Recognising the Adult Pea Beetle

Catching the beetles before their eggs are laid is key to preventing a large-scale infestation. Check for adults on the underside of pea plant leaves in spring or early summer, or in the soil below after the harvest.

The beetles are approximately 6mm long, mainly brown in colour but speckled with white, black, or grey. Their bodies are broad and rounded, and like many other weevils they have a short, wide snout on the head. One easily identifying feature is the pair of wing casings which don't cover the whole of the body, leaving the back of the abdomen protruding pointedly behind.

Pea Beetle Prevention and Control

In commercial growing, pesticides are often used to control pea weevil numbers. Fortunately, this is rarely necessary in a home garden. Following some basic tips usually works well enough to keep the beetle levels under control.

  • For overwintering, adult pea beetles prefer heavier, clay-type soils thanks partly to the higher moisture levels and lower light. Before sowing peas in spring, till the soil over thoroughly, breaking up clods to create as fine and light a texture as possible. This will help to kill off the overwintering population before you add your plants.
  • Continue to improve your soil with plenty of organic matter, to keep the texture light and discourage the weevils from overwintering.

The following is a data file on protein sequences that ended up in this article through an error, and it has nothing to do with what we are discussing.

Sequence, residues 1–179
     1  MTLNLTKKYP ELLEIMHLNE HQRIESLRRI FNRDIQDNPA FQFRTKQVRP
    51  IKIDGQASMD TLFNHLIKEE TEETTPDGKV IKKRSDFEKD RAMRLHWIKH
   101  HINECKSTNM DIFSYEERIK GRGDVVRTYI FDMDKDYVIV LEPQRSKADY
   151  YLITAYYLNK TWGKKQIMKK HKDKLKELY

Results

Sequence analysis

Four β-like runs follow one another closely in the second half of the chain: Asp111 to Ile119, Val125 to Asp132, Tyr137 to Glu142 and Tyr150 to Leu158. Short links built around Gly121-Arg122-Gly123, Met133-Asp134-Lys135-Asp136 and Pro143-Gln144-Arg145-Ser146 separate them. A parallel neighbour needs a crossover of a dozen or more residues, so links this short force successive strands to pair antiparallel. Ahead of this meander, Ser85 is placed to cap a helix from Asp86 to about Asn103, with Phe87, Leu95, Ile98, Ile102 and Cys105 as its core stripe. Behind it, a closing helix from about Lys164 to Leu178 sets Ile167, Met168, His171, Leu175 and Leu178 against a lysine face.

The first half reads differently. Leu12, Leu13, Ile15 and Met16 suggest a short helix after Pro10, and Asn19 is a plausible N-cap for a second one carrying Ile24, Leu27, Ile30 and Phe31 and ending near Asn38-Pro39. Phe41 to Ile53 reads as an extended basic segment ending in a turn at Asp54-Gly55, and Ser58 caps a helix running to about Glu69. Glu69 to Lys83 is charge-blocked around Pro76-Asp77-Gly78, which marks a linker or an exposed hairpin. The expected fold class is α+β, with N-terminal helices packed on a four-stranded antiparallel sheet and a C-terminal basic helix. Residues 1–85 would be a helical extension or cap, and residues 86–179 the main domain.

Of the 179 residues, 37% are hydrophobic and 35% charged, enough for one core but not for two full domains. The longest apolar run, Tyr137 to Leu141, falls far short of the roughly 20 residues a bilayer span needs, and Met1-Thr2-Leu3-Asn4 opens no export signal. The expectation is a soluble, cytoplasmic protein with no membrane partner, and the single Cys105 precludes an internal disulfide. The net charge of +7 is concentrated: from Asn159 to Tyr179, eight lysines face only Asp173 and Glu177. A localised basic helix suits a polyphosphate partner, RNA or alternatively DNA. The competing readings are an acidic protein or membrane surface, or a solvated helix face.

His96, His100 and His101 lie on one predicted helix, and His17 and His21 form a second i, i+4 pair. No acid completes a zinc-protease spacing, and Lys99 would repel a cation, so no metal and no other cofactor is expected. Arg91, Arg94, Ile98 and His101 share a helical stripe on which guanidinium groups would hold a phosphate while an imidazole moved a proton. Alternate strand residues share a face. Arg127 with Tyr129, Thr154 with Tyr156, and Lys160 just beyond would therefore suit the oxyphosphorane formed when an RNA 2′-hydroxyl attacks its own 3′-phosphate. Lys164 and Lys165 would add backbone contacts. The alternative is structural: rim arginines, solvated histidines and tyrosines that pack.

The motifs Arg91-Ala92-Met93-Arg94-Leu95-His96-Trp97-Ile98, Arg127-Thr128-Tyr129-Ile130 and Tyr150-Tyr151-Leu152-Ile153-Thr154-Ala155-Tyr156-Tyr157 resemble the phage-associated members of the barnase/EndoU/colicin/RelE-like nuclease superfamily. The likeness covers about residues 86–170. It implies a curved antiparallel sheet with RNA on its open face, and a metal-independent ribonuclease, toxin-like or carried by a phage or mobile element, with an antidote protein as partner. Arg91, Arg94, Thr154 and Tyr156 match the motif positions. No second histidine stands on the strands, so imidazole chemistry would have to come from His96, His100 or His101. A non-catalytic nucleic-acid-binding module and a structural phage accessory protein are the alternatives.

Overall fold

• The beetle's life cycle times the adults' appearance to roughly coincide with the pea plants flowering. If your local climate allows, planting peas early can mean the flowers have been and gone before the emerging females have a chance to feed on the nectar, greatly reducing the number of eggs that'll be laid.
  • Likewise, harvesting the peas early before the eggs have hatched can still provide a worthwhile food crop, even if the peas are immature.
  • Regularly check your pea plants for eggs, larvae, or live adult beetles. Pick them off and drop into a bucket of soapy water to dispose of them.
  • Plants with large numbers of affected pods and seeds should be uprooted and disposed of away from your compost to prevent the infestation spreading.
  • Whether or not you have a noticeable pea beetle problem, be extra careful about removing all remnants of pea plants from your veggie patch at the end of each season. Also take care to remove any 'volunteer' plants which sprout from accidentally fallen seeds. Limiting the amount of materials transmitted from year to year will help stop populations from growing to problem levels.

However, if you have a serious infestation despite these measures, then a food-safe pesticide narrowly targeted at weevils can be used as a last resort, bearing in mind the potential collateral damage to other insects in your garden's eco-system.

Unless you're a commercial grower with an enticing seed store, pea weevils may not be your number one garden enemy. But if you let these pests get a foothold, you may find your pea-growing efforts bear less fruit than you hoped.